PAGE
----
TRYING to complain or even query work taking place in your street can often lead you on a frustrating road to nowhere.
You may be passed from pillar to post so many times that you are left wondering if it wouldn’t be quicker to do the job yourself.
So today’s news that the city council is to set up a dedicated roadworks hotline is a move which will be welcomed across the city.
We wish new transport leader Lesley Hinds well in trying to tackle an issue which has repeatedly stumped her predecessors and left the public at large feeling powerless.
Too often, planned roadworks by utility companies either run on with no explanation, are completed in a substandard fashion or, even worse, are seemingly abandoned with no sign of work being completed.
The city council has the power to keep these firms in check but very often, as Cllr Hinds discovered herself when she reported a problem, may be blissfully unaware of the chaos unfolding in a particular area.
This new service will give the man on the congested street the power to force change by acting as the eyes and ears for the city council enforcers.
They can then act quickly to “get it sorted” – and if they do not there is a popular Evening News column which will ensure they do.
Of course highlighting and fixing the problems when they emerge is only part of the battle, and there must be the threat of tough penalties for those firms which are consistently failing. That means hitting them where it hurts, in the pocket.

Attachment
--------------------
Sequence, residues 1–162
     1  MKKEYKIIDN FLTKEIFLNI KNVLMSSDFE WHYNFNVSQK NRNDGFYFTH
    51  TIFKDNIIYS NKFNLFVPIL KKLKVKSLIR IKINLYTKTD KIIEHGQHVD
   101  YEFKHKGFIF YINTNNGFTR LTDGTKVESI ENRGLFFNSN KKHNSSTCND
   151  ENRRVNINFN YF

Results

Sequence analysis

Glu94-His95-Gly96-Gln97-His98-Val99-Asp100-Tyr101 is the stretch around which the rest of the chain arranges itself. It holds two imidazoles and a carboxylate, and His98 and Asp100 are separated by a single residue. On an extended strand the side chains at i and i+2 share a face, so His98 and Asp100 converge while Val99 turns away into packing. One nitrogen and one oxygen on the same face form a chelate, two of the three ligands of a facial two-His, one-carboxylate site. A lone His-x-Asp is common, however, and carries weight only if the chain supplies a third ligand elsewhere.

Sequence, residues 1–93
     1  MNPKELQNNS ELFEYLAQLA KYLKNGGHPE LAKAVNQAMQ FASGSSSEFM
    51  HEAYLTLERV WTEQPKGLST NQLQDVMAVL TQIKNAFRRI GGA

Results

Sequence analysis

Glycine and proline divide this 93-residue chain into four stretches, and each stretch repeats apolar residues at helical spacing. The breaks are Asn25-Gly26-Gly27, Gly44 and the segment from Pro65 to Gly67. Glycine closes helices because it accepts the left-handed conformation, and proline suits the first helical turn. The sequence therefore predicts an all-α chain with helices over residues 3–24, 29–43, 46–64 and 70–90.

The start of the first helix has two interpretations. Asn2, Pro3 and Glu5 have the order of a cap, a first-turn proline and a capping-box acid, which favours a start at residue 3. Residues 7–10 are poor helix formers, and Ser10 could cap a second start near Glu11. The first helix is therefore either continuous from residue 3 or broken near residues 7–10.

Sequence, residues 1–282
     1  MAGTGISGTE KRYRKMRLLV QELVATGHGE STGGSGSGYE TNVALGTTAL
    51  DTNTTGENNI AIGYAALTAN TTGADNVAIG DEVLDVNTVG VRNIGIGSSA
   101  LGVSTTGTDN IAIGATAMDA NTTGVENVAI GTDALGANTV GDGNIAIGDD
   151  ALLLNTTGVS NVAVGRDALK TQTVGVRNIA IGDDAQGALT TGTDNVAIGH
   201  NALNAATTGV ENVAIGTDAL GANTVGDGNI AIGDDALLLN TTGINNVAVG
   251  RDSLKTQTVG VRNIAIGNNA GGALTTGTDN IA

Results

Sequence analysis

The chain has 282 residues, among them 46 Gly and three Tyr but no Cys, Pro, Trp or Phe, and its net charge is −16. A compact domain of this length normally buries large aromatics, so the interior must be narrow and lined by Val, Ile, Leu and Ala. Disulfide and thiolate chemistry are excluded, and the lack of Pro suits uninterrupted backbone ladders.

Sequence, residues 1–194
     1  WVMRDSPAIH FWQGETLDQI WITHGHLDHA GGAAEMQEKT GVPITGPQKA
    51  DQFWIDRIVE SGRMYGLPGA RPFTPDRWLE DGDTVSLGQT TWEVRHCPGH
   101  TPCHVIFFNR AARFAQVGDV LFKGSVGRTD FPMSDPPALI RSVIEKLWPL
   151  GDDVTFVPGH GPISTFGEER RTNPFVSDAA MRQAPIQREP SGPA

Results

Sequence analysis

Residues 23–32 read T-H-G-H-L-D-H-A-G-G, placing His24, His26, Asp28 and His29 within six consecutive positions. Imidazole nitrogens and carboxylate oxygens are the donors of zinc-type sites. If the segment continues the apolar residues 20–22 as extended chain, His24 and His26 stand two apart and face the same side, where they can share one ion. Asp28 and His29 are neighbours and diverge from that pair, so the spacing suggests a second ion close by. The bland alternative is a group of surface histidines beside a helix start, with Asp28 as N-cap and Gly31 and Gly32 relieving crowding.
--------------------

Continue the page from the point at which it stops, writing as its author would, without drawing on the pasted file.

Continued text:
Those digging up Edinburgh roads should be left in no doubt today, we are watching you.
Early release failure
if Keir Rodger had served anything like his full sentence he would still be behind bars today.
Instead he was released early from prison following his part in the attack on tragic takeaway driver Simon San and went on a spree of stealing cars and breaking into houses before leading police on a high-speed car chase through the city’s streets.
This would be of deep concern even if it was an isolated case, but Rodger is one of 35,000 criminals who have been freed early since the SNP came to power in 2007, on the back of a promise to end early release.
The Scottish Government says it is making progress, cutting by a third the number of offenders released early each year, but that is not enough.
Public trust in the justice system is paramount – and it has been badly dented by the seemingly endless string of cases like these.
The Government will have to do more if it is to rebuild that trust.